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The sci-fi premise of <em>A Number</em> supports a more universal theme of identity anxiety.

David Bazemore

The sci-fi premise of A Number supports a more universal theme of identity anxiety.


Genesis West, A Number

Caryl Churchill Play Explores Human Cloning


The top-floor exercise room in the detention center at the Santa Barbara County Courthouse is an unforgettable architectural achievement. It’s also a jail, and it feels like one. It thus made a suitably intense venue for the latest production from Maurice Lord’s Genesis West, a purveyor of consistently mind-blowing theater.

This was the soft opening for two weeks of pop-up and regular theater performances of Caryl Churchill’s play A Number, a two-man one-act premised on the potential impact of human cloning. A Number is also about the irreducible question raised by being alive — why me? Tom Hinshaw plays the father (insofar as that term applies) and Brian Harwell, the three sons — an even more uncertain status in this dialogue between a man and several human beings who share one genetic map.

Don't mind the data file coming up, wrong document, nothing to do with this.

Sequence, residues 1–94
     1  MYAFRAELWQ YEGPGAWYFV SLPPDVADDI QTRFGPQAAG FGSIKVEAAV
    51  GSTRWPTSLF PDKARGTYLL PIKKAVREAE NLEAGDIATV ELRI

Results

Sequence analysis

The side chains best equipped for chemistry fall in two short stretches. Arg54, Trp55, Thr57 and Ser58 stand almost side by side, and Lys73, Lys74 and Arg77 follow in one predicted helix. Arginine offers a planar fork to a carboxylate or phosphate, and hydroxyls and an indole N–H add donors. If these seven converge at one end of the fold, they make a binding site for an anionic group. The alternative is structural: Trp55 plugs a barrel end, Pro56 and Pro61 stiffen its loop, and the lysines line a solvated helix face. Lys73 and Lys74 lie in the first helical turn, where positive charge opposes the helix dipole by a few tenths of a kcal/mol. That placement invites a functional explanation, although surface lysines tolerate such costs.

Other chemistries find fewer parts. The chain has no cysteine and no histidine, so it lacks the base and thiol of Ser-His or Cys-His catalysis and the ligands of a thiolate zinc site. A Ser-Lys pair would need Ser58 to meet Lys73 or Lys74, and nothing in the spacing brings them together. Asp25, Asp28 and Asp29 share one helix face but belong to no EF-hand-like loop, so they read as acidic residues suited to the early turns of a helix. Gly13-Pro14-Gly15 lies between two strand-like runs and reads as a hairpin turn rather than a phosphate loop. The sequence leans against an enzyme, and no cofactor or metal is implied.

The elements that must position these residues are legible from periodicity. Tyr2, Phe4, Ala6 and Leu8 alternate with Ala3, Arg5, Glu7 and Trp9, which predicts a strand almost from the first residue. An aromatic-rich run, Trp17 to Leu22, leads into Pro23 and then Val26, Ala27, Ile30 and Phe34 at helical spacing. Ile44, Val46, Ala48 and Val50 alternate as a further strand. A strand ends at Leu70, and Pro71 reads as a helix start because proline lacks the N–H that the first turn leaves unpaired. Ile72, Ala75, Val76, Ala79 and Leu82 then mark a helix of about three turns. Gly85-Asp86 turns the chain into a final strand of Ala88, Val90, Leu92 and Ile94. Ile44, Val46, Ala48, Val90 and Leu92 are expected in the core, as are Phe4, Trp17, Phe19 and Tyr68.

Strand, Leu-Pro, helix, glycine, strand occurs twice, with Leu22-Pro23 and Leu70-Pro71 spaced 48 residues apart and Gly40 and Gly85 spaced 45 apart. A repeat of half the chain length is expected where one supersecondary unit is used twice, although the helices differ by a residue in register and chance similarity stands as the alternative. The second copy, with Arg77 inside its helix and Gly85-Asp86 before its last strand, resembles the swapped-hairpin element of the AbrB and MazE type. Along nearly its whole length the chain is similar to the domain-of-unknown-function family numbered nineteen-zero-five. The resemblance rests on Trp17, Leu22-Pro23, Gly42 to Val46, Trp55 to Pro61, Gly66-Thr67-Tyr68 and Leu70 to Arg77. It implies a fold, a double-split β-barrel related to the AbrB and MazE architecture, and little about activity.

Harwell and Hinshaw dig deep into the rich language of Churchill, ringing myriad changes on the anxieties and inferences that appear in the hall of mirrors that opens up with the possibility of human cloning. Every carefully calibrated scene circles around the deadly empty center of identity, and, due to the circumstances, things never come to rest. This great production of an important play should be seen, even at the risk of a night in jail. Visit genesiswest.org for the full schedule.



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